# “be n-dimensional vector of variables” vs “be an n-dimensional vector of variables”

For the determiner in English, I learn that they are used in many different situations. For example, a is used before a noun. However, sometimes I misuse it. Therefore, I would like to understand it, so I can write my sentence correctly.

For example,

I have a vector of random variables.

As I understand, a in this sentence is a determiner used to identify the vector, not the random variables. Hence, it is correct to say:

Let X be a vector of random variables.

Because in this sentence, the determiner a refers to the vector X and did not refer to the random variables. Is that correct? if not, then, why?

However, similar to this sentence, I would like to specify the dimension of this vector. So, is it ok to say:

Let X be an n-dimensional vector of random variables.

Or I must not use the determiner an here because n-dimensional is plural in its meaning. Is that correct?

So, which sentence is correct?

• About the word, "purple" in your question: is it possible you mean, "plural" [meaning "two or more"]? ... And not just in this question, but also other questions you have recently asked? ... ["Purple" being a color-name] – Lorel C. Jan 13 '19 at 6:18
• Unable to edit it though, sorry. – Lorel C. Jan 13 '19 at 6:28
• n-dimensional is an adjective, not a noun. It cannot be plural/singular any more than, say, long or red – Jyrki Lahtonen Jan 13 '19 at 7:13
• +1 @JyrkiLahtonen Thank you so much. I really learn a new thing. – Maryam Jan 13 '19 at 7:32
• The main function of a determiner is to mark an NP as definite or indefinite. – BillJ Jan 13 '19 at 8:25

Yes, that's correct.

The essential noun in the sentence is vector, which requires an indefinite article:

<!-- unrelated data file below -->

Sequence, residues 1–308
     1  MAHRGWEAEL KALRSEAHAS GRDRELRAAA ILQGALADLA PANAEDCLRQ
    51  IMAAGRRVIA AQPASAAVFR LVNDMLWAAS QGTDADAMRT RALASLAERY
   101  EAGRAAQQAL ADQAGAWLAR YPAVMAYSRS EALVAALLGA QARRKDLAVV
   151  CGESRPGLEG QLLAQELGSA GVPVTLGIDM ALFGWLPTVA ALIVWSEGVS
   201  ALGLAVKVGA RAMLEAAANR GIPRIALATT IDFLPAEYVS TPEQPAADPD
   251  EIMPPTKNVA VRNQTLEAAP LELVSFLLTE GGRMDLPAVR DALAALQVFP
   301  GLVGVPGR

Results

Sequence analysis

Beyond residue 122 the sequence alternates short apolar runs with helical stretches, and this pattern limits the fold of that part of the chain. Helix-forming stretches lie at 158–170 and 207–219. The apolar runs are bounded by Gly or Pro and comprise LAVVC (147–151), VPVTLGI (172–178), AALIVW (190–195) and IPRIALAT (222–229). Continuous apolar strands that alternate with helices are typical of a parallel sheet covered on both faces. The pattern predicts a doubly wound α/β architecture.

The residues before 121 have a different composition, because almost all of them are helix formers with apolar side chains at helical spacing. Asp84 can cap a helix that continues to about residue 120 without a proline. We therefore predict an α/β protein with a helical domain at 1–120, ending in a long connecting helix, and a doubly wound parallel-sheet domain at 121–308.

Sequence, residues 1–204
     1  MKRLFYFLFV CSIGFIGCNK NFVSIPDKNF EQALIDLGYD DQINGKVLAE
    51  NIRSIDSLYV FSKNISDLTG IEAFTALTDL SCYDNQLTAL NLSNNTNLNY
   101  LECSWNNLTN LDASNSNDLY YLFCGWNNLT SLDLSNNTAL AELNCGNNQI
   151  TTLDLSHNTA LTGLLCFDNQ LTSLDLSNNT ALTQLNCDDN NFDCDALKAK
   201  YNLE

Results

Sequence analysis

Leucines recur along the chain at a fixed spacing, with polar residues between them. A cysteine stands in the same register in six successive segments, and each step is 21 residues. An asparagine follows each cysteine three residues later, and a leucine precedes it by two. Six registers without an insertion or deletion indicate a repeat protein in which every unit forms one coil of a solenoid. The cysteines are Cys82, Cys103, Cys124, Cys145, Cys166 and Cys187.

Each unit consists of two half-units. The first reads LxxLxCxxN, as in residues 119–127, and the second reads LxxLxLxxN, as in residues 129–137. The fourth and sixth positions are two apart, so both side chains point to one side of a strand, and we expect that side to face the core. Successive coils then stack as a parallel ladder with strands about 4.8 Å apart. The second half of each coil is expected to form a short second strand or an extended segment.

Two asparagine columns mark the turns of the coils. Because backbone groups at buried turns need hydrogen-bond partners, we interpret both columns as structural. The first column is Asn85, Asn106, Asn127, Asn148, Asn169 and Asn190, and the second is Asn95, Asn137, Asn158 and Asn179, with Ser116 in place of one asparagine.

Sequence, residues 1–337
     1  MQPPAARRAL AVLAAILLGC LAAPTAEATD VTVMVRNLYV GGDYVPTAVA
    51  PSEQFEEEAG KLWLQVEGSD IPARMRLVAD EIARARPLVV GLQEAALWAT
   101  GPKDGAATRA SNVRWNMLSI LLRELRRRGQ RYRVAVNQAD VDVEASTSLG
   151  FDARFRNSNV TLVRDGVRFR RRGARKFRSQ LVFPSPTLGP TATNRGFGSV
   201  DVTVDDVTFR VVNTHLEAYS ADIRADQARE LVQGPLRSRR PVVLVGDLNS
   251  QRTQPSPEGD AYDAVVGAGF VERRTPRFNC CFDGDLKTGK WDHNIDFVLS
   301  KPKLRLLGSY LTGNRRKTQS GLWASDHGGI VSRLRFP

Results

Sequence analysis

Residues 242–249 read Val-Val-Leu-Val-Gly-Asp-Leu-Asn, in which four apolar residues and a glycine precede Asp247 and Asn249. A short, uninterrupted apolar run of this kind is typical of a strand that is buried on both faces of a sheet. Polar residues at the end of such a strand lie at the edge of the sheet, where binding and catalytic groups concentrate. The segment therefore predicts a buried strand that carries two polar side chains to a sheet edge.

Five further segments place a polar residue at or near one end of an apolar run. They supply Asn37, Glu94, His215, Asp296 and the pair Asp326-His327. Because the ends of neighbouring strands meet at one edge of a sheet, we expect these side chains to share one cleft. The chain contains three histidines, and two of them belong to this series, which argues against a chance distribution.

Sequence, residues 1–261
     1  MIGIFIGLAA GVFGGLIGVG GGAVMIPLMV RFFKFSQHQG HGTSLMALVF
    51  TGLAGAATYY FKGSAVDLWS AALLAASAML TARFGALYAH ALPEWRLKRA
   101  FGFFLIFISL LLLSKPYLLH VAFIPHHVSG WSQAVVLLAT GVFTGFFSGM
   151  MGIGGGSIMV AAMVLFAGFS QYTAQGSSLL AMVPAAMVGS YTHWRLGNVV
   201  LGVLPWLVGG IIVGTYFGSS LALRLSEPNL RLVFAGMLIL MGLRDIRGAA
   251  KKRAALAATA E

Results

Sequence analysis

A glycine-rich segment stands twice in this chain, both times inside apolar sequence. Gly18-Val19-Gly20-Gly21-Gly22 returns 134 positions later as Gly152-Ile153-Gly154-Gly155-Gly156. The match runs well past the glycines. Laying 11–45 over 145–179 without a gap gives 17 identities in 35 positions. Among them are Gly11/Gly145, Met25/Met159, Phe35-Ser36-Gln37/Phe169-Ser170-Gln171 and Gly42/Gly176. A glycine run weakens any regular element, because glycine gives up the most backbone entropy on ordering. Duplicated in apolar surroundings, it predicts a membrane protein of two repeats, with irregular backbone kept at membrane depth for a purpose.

I have a vector.

This doesn't change if you qualify it with an additional noun phrase, no matter if that additional portion of the noun phrase is singular or plural:

I have a vector (of X and Y).

Nor does it change if you use an adjective in front of it, regardless of the singularity or plurality of the adjective:

I have a (Z) vector (of X and Y).

The consideration of the article is based only on the noun itself, not how it's being modified by other things.

I say that, but in the one example you gave, the form of the indefinite article changes from a to an because of the vowel sound of n-dimensional that comes immediately after it:

Let X be an n-dimensional vector of random variables.

But if the adjective started with a consonant sound, you would use a again:

Let X be a four-dimensional vector of random variables.

Both a and an are used for a singular noun: vector in this case.

If vector itself became plural, then the indefinite article would be dropped because you would no longer have a single vector:

I have vectors.
I have vectors of random variables.
I have vectors that are long.
I have single-dimensional vectors of random variables.
I have n-dimensional vectors of random variables.

The consideration of using the indefinite article or not is based only on the use of vector or vectors.